Interested in following the path to school librarianship after seeing the recent press coverage on school libraries? As a newly-qualified, brand-new school librarian, I’m sharing the highs and lows of my journey so far.

At school, I didn’t have a great library experience – I enjoyed reading, but the librarian was quite unwelcoming (I got thrown out for laughing at horoscopes and never returned) and teachers only used the space for PC access. Becoming a school librarian myself was a way of making sure that other young people had a better time than I did. Another thing that drew me to the role was the challenge of managing every part of a library service.

I didn’t have a lot of sector-specific knowledge coming into this role. I studied at the University of Strathclyde, which offered a general library degree; our work on school libraries was a 90-minute lecture which mainly discussed the findings of a PhD thesis. However, I didn’t go into it completely blind – I previously taught English in Germany and also worked as a library graduate trainee. How tough could it be to combine the two experiences?

Answer: pretty tough. I’ve been a school librarian for four months now, and it’s certainly been a steep learning curve. I’m split across two schools which couldn’t be more different: one school is huge in a generally affluent area, while the other is tiny and in a much more deprived part of the city.

Here’s a roundup of the most notable parts of the job. I should stress that as a rookie, I’m definitely missing obvious parts of school librarianship – this is not meant to be all-encompassing in any way!

You have to be your own boss. Although I have a line manager and contacts in each school, I’m not managed on a day-to-day basis. This was definitely the biggest change for me and I imagine it’ll be the same for any new graduates. My previous work in retail was micromanaged, and even as a graduate trainee I had an hourly timetable to follow. Aside from class visits, I don’t ‘have’ to do anything at any particular time, which has been much tougher to adjust to than I had anticipated. It can be difficult to stay motivated for long periods of time, particularly at my smaller school where I might only have one class visiting in a day. It’s easy to fall back on tidying and I probably spend more time on this than I should.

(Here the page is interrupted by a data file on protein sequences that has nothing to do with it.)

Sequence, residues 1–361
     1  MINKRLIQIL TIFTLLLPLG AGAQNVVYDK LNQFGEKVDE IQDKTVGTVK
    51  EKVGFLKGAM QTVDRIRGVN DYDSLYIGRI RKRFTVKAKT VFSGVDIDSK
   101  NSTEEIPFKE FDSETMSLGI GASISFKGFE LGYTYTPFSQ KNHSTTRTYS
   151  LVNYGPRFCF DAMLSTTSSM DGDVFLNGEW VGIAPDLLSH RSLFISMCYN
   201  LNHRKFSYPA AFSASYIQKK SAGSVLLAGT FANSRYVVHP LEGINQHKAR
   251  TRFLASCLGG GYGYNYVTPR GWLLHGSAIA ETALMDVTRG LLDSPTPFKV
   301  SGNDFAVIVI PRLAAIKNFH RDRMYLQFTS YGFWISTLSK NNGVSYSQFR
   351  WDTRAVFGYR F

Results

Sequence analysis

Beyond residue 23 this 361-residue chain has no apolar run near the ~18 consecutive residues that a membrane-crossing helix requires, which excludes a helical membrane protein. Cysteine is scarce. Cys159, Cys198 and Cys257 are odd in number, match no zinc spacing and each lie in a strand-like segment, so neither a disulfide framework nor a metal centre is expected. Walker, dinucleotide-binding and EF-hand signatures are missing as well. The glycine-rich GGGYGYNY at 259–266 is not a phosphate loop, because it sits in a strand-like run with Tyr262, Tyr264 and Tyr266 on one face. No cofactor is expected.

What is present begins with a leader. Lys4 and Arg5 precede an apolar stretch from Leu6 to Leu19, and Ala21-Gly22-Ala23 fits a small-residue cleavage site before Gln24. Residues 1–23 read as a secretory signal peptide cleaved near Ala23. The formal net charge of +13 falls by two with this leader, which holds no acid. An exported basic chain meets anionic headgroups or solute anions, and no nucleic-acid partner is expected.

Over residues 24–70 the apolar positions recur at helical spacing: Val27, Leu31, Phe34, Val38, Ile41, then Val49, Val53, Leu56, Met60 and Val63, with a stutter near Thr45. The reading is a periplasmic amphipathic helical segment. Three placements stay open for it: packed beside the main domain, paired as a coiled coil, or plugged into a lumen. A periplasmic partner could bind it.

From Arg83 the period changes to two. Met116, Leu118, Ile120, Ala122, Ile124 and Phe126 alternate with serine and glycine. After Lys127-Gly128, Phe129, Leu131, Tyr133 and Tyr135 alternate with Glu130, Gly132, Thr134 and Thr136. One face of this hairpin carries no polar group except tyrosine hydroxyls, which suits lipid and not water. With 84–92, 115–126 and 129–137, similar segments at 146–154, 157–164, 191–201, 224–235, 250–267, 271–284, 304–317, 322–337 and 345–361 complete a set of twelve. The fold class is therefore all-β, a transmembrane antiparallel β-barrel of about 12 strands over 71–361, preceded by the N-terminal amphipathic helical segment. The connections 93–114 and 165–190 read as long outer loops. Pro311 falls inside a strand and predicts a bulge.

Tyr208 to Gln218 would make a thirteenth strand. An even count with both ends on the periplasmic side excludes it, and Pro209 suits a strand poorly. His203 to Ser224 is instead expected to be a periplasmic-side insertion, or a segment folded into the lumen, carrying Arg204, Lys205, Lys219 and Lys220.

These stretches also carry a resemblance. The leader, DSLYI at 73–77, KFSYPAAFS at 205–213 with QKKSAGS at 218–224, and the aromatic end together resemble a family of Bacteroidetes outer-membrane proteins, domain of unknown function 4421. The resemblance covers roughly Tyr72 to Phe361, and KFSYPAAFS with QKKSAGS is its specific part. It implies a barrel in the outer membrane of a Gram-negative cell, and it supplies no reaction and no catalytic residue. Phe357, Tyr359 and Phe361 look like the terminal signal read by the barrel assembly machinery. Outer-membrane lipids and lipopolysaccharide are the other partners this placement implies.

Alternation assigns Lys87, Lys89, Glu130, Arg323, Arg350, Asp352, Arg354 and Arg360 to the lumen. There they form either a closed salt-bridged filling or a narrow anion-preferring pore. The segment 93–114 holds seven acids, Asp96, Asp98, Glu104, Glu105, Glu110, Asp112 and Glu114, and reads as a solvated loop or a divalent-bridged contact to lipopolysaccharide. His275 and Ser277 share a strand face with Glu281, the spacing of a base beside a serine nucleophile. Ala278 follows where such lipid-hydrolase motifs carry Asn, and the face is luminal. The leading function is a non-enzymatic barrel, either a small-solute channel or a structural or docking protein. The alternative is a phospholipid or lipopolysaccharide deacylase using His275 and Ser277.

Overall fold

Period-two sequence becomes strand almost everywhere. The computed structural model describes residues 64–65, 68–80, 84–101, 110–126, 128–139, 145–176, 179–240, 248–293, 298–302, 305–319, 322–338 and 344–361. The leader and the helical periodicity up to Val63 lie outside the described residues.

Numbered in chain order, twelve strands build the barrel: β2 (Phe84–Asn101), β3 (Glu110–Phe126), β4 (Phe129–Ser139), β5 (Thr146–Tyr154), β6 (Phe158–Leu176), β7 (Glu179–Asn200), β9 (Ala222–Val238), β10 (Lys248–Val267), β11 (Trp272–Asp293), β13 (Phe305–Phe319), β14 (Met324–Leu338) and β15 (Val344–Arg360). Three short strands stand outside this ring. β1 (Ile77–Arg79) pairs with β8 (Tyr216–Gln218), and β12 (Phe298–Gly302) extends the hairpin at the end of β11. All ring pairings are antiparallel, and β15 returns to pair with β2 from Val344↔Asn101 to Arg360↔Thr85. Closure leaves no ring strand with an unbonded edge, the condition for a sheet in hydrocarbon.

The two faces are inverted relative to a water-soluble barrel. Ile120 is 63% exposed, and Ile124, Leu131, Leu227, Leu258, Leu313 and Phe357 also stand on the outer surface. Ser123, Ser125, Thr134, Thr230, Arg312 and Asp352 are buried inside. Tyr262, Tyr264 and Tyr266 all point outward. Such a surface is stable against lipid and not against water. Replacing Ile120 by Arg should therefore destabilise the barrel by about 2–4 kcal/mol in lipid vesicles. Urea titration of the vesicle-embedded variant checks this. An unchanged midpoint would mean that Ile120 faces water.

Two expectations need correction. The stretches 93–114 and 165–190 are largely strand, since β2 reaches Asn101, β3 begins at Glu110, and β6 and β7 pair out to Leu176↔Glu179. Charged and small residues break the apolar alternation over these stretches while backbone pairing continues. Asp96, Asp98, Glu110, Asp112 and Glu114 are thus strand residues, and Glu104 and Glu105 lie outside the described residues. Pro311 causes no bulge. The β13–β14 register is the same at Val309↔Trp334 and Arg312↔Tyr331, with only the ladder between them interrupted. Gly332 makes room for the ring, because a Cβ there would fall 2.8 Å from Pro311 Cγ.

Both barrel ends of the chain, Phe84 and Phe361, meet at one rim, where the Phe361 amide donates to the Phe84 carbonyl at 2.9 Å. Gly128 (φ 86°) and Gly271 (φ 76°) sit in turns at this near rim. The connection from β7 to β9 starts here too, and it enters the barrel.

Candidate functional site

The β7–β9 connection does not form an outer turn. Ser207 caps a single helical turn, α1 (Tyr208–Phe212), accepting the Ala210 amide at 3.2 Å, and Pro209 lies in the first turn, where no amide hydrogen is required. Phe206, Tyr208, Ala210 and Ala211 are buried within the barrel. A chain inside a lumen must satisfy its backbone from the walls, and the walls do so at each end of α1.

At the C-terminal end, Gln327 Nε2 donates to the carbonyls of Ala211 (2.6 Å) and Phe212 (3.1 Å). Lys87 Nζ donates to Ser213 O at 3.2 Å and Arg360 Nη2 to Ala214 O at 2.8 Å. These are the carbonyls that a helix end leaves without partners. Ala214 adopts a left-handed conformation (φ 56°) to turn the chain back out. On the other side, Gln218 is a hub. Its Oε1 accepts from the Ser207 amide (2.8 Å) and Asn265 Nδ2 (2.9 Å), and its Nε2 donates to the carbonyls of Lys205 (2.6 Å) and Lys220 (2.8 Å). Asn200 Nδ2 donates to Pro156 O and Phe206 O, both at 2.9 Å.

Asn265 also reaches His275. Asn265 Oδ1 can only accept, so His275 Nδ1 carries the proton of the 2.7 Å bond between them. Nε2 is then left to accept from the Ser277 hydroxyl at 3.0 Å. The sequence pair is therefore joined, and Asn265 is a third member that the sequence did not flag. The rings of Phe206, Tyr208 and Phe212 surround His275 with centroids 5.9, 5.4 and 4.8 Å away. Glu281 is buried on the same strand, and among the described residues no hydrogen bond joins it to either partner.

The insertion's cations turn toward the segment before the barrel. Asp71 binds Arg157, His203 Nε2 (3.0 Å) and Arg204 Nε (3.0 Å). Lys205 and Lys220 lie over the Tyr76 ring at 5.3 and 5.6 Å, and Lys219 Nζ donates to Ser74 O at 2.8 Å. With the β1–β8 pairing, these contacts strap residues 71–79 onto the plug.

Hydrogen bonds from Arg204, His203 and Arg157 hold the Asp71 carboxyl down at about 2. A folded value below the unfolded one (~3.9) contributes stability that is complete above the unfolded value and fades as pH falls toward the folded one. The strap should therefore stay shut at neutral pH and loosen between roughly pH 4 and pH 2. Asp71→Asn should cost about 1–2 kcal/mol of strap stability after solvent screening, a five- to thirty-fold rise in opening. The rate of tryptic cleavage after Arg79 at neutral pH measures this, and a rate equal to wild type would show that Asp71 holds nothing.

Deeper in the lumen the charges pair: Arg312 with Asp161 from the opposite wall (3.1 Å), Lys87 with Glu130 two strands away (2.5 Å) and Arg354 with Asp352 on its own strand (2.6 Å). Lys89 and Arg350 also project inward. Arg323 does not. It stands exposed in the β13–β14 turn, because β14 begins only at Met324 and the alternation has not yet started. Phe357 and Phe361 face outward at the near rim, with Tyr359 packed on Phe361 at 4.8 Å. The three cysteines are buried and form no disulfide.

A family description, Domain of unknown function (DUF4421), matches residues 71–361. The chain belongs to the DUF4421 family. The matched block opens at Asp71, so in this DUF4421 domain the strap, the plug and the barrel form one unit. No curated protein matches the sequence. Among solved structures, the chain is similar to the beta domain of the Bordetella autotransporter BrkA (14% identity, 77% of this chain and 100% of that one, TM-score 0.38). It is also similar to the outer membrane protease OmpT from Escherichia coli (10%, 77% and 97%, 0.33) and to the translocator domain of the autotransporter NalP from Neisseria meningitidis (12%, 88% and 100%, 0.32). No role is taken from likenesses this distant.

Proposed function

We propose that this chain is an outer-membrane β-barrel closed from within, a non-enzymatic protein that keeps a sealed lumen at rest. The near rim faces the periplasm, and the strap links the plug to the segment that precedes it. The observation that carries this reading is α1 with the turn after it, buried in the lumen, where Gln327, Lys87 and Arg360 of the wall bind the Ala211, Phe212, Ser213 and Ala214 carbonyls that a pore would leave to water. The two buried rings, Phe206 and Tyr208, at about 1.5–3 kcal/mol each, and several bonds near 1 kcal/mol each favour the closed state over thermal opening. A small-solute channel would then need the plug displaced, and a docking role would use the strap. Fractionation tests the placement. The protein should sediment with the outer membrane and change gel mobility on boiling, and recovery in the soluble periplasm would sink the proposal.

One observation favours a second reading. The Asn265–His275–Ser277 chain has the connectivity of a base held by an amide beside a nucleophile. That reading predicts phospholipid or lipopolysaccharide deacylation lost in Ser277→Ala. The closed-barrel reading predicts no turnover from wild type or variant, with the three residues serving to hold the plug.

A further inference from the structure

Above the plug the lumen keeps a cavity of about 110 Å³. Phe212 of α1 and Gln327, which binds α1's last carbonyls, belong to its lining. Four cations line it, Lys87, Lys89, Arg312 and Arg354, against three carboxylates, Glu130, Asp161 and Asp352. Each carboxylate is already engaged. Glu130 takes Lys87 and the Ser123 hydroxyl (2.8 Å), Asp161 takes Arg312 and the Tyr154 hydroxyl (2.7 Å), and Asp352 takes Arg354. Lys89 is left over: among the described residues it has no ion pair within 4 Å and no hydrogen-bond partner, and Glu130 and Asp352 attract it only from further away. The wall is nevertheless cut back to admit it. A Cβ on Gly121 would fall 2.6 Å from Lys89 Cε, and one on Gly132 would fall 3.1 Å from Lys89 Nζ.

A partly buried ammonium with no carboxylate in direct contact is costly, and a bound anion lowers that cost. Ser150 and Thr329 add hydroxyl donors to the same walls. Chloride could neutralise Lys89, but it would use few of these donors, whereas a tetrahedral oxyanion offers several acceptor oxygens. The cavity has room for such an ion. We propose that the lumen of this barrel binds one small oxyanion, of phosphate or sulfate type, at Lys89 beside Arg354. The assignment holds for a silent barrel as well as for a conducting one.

Loneliness can be an issue. They called this ‘solo librarian syndrome’ on my course. Although I love chatting to my pupils, it can be tough not speaking to people your own age – if I’m lucky I catch staff at breaks to sit with, but because the library is staffed at interval and lunch you’re often alone. From my (limited) experience, schools are quite cliquey when it comes to staffroom seating and teachers often stay in their own subject bases; it’s pretty easy to never have contact with an entire department. Over holidays (yes, holidays – I never knew school librarians worked over the summer) I can go the whole day without seeing another person!

You’ll probably need to make your case to other members of staff. One of the things that surprised me most when I started was hearing a teacher saying ‘You know, I’ve worked here 20 years and I didn’t even know we had a library’. The library may well be viewed as an extension of the English department and staff are often too swamped with their own work to try and slot you in, so it’s important to be proactive. I recently wandered over to the Geography department to discuss magazine subscriptions and a potential referencing workshop – the members of staff were very appreciative of me making the effort to go to them. To some extent, you’re at the mercy of senior management and what level of importance they place on the school library.